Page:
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Neurodegeneration in the canine brain
Neurodegeneration and age-related cognitive decline is well known in dogs, similar to humans. A British study gives some very interesting insights in this phenomenon...

The process of neurodegeneration displays some common morphological characteristics, most of which are jointly observed in the brains of most mammalian species.
In the canine brain, neurodegeneration is frequently typified by an extensive beta-amyloid (A beta) deposition (mainly of the C-terminal A beta1-42 form) within the neurones and at the synaptic regions, in the early stages
of the process.
These deposits subsequently appear to give rise to the formation of senile plaques of the diffuse (non-beta-sheet) subtype, which tend to develop spontaneously but rarely proceed to form neuritic plaques.

Additional features accompanying neurodegeneration include accumulations of the `aging pigment,` lipofuscin, intraneuronal changes in the cytoskeleton, vascular changes in the cerebrum, cortical cerebral atrophy, enlargement of the ventricles and increased concentration of oxidative stress markers, many of which are perceived as cardinal features of extensive dysfunction in the protein turnover network. The involvement of ubiquitin is discrete but consistent in many of these molecular structures and seems to account for some critical aspects of the associated neuropathology. Irrespective of these, though, the degenerated canine brain seems to be devoid of
neurofibrillary tangle formation, a manifestation commonly observed in the brain of both aged (cognitively normal) and Alzheimer-affected human subjects.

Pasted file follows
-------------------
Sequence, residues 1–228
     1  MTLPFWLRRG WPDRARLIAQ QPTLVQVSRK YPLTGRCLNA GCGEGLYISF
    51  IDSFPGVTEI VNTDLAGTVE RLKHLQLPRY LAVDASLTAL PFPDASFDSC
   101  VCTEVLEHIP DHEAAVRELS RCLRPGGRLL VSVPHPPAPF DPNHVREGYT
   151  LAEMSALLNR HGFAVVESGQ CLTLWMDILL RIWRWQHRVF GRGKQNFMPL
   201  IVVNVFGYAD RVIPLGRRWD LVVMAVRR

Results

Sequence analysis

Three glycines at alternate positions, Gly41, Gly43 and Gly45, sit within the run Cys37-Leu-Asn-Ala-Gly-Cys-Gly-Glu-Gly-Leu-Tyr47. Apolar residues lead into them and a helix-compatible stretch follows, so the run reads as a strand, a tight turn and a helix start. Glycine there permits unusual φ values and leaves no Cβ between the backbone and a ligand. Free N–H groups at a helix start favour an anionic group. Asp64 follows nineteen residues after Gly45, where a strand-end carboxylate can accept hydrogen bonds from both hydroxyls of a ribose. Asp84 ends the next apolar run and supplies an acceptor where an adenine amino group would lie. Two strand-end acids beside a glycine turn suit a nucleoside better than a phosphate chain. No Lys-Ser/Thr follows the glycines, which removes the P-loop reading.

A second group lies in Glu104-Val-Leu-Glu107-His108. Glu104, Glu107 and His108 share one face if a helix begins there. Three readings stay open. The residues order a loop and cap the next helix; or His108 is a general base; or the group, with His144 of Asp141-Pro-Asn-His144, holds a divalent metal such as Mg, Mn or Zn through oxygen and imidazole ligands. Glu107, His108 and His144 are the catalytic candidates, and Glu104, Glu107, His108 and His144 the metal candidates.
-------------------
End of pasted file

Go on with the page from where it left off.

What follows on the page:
The fact that canines exhibit clear symptoms of an age-related cognitive decline pertains to the concept of A beta playing a central role in age-related cognitive dysfunction and neurodegeneration.

Source: Dimakopoulos AC, Mayer RJ (2002): Aspects of neurodegeneration in the canine brain. In:
J Nutr 2002 Jun;132(6 Suppl 2):1579S-82S



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SMALL ANIMAL PRACTICE

The expression of Vitamin D receptors in dogs
There is growing evidence linking low blood vitamin D concentration to numerous diseases in people and in dogs. Vitamin D influences cellular function by signaling through the vitamin D receptor (VDR). Little is known about which non-skeletal tissues express the VDR or how inflammation influences its expression in the dog.
The objectives of this recently online published study were to define which non-skeletal canine tissues express the VDR and to investigate expression in inflamed small intestine.

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